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Estimating when Multiplying

Date: 08/19/99 at 20:29:56
From: Renae
Subject: Patterns in estimating (multiplication)

How do you estimate in multiplying?

I have already estimated the top number but I am not sure how to 
estimate the second number if it is a 1-digit number.

Date: 08/20/99 at 16:21:28
From: Doctor Rick
Subject: Re: Patterns in estimating (multiplication)

Hi, Renae.

Do you mean that one of the numbers you are multiplying is only one  
digit? If so, then you don't need to round it at all. For example, 
let's estimate:

     427 x 7

I would round 427 to 400. Then 4 x 7 = 28, so 400 x 7 = 2800. That's 
an estimate on the low side, since I rounded down; the exact answer is 
greater than my estimate. In fact, the exact answer is 2989.

If both numbers have more than one digit, then you can round both 
numbers. Multiply the non-zero digits, and add the total number of 
zeros in the two rounded numbers. For example:

     427 x 7360

Round to:

     400 x 7000

Multiply non-zero digits:

     4 x 7 = 28

Add 2 + 3 = 5 zeros:

     400 x 7000 = 2,800,000

That's my estimate. It's on the low side again, since I rounded _both_ 
numbers down. The exact answer is:

     427 x 7360 = 3,142,720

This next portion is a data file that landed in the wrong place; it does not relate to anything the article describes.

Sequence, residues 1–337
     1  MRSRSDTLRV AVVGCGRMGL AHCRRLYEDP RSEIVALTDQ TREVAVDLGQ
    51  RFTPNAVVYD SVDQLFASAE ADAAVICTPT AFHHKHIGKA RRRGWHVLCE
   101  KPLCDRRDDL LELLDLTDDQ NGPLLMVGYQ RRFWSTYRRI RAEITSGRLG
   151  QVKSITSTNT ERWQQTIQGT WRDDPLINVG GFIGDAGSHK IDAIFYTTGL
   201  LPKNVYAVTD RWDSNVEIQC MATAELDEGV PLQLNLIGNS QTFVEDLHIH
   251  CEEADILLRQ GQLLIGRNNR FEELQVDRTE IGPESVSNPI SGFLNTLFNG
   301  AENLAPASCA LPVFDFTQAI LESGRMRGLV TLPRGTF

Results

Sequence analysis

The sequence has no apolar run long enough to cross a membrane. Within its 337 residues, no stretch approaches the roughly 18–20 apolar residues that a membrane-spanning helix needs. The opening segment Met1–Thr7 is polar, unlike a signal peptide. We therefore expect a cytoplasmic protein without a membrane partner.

That's pretty different from my estimate, but at least it isn't twice 
as big or half as big as my estimate. The most important thing is to 
get the number of digits right, and we did.

There are ways that you could make the estimate better; they depend on 
developing a "feel" for the way multiplication works. For one thing, I 
could have chosen to round one number up and the other down. Even 
though one of the rounded numbers will be farther from the true value 
this way, the estimated product will be closer to the exact product. 

    427 x 7360

    400 x 8000   [round 427 down and 7360 up]


See how much closer that is to the exact product?

I don't know just what rules for estimation you are being taught. If 
you have any questions about what I said, or about how to do 
particular problems, please write back.

- Doctor Rick, The Math Forum   
Associated Topics:
Elementary Multiplication

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